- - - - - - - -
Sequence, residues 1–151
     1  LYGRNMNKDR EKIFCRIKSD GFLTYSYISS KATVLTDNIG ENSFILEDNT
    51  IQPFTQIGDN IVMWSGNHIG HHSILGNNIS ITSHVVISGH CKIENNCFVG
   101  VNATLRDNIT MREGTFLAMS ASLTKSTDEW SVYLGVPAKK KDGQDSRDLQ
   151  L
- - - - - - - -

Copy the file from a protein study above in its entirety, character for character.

Sequence, residues 1–151
     1  LYGRNMNKDR EKIFCRIKSD GFLTYSYISS KATVLTDNIG ENSFILEDNT
    51  IQPFTQIGDN IVMWSGNHIG HHSILGNNIS ITSHVVISGH CKIENNCFVG
   101  VNATLRDNIT MREGTFLAMS ASLTKSTDEW SVYLGVPAKK KDGQDSRDLQ
   151  L